Arctic willow – Salix arctica

Alaska Wildflowers | Pink

Arctic willow in the White Mountains in the Alaska interior

Arctic Willow

Salix arctica

Common Names

Arctic willow
Northern willow

Synonyms

Salix anglorum
Salix brownei
Salix crassijulis
Salix hudsonensis
Salix pallasii
Salix tortulosa

(all variations)

Subspecies

there are many hybridizations but no listed subspecies (see note below the full classification)

Genus: Salix L. (willow)
Family: Salicaceae (Willow family)
Order: Salicales
full classification

Duration – Growth Habit

Perennial



Uses

For information only (typically historical) – I take no responsibility for adverse effects from the use of any plant.

The Arctic willow holds a significant place in the cultural practices and survival strategies of the Inuit and the Gwich’in tribes. The Inuit have named the plant ‘Suputit’ when it’s in the stage of seeding, and its young leaves, known as ‘uqaujait’, were traditionally consumed along with blubber. The plant also had a unique use in mitigating the unpleasant taste of rancid blubber or oil. It was combined with these substances and chewed akin to gum. When paired with berries, this mixture could be transformed into a kind of dessert resembling pudding. The roots of the Arctic willow once peeled and bitten, have been used for alleviating throat soreness.

In addition to its dietary uses, the twigs of the Arctic willow serve as an important source of fuel, and the withered flowers, known as suputiit, are combined with moss to create the wick for the kudlik, a traditional oil lamp. The plant has a history of medicinal applications, including providing relief from toothaches, assisting in the cessation of bleeding, and acting as a remedy for digestive issues such as diarrhea and indigestion. It is also used as a topical treatment for wounds in the form of a poultice.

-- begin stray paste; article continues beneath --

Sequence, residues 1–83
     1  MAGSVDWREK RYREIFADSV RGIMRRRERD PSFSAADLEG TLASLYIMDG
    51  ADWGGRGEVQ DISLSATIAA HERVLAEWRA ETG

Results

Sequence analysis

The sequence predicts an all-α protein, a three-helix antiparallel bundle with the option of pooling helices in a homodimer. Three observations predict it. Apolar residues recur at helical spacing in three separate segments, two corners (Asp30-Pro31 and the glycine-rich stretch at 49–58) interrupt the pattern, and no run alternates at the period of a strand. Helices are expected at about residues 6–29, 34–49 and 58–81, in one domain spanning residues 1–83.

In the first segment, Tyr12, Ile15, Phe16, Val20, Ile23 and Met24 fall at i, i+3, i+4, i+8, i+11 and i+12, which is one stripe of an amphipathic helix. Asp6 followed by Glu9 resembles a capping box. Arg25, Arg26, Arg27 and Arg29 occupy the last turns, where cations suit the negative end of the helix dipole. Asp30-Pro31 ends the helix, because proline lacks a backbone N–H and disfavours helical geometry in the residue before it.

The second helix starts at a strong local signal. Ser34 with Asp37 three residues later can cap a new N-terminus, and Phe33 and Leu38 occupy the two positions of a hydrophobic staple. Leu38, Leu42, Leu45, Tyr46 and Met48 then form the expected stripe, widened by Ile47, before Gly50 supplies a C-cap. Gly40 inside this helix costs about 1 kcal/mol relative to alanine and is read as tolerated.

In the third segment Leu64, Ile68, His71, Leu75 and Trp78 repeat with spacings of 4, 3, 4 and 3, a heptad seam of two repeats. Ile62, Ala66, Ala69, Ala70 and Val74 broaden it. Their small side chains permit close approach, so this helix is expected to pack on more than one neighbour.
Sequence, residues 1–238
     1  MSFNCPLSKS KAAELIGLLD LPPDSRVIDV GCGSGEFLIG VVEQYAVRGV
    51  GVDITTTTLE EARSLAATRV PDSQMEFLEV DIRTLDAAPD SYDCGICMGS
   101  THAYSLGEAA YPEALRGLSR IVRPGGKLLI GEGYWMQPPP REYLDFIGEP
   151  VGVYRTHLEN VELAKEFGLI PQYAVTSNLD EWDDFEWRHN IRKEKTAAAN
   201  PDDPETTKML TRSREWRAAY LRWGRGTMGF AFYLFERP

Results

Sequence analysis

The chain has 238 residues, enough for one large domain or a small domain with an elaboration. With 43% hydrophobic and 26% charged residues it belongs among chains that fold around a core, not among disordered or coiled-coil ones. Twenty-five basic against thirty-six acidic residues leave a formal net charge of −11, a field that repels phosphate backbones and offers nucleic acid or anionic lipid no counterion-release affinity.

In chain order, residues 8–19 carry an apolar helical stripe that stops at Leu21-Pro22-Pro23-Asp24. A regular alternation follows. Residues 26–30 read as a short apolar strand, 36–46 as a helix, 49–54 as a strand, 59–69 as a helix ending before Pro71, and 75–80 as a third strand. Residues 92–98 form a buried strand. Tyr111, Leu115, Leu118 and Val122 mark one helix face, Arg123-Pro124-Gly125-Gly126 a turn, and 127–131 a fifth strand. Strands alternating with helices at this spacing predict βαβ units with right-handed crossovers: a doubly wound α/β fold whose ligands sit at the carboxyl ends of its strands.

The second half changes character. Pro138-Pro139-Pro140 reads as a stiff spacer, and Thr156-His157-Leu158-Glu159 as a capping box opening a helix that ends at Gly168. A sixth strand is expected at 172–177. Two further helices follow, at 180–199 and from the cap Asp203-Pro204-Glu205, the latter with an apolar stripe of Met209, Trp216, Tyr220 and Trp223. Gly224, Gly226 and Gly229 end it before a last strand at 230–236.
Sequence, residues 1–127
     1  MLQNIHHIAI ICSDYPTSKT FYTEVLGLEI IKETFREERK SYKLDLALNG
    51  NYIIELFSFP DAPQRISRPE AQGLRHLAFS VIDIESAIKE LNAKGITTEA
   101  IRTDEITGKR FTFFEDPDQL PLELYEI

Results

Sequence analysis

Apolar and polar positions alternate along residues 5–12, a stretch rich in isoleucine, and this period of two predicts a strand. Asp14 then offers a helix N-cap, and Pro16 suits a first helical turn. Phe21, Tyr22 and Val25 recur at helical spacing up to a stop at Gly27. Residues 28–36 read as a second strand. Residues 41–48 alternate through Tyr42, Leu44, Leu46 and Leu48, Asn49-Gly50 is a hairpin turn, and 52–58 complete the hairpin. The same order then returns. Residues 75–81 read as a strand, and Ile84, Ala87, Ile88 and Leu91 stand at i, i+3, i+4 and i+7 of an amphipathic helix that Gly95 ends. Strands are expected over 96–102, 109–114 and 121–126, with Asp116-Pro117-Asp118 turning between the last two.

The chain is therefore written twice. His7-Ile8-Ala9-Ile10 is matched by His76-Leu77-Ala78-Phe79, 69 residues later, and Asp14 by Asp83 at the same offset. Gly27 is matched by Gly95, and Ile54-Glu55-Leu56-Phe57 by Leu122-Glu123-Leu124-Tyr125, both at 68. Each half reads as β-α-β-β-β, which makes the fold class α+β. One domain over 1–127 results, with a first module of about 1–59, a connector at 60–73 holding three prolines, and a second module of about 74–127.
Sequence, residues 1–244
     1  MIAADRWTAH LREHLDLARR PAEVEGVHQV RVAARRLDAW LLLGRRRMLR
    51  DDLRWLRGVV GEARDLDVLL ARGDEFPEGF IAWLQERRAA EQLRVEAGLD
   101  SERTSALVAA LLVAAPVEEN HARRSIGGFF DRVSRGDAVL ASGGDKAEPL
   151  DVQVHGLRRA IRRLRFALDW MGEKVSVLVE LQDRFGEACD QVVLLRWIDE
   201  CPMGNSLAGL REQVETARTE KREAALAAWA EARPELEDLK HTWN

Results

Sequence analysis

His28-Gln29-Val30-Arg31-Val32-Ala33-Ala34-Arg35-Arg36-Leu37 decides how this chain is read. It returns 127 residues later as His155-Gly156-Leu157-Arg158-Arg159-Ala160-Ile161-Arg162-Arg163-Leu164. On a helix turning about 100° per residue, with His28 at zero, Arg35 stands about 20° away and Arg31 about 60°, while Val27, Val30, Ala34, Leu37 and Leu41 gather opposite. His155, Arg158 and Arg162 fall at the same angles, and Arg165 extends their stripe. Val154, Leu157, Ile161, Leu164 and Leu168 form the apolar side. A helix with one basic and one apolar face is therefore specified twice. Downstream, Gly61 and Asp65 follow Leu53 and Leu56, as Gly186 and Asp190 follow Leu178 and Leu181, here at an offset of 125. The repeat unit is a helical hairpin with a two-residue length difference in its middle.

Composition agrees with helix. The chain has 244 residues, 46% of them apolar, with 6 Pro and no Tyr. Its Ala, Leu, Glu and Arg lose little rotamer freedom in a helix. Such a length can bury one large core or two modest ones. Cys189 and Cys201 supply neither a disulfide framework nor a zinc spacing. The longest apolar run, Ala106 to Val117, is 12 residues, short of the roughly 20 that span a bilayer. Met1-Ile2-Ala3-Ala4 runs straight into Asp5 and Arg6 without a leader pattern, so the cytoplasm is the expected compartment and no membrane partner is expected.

The Arctic willow is not just notable for its practical uses but also its impressive nutritional profile. It’s packed with vitamin C, with just a single young leaf providing as much as 7 to 10 times the amount found in an orange. The young shoots, with the exception of the bark, can be eaten raw, which includes those that are found underground. Beyond human use, the Arctic willow is also an important food source for arctic wildlife such as muskox and hares, indicating its crucial role in maintaining the ecosystem of the Arctic.

Identification and Information

Arctic willow, scientifically known as Salix arctica, is a dwarf shrub with a unique creeping growth pattern, often forming expansive mats that radiate from a single central stem. The plant typically grows to a height of between 3-25 cm (1-10 in) with its stems, which can be erect or trailing, showcasing a reddish-brown or yellow-brown hue.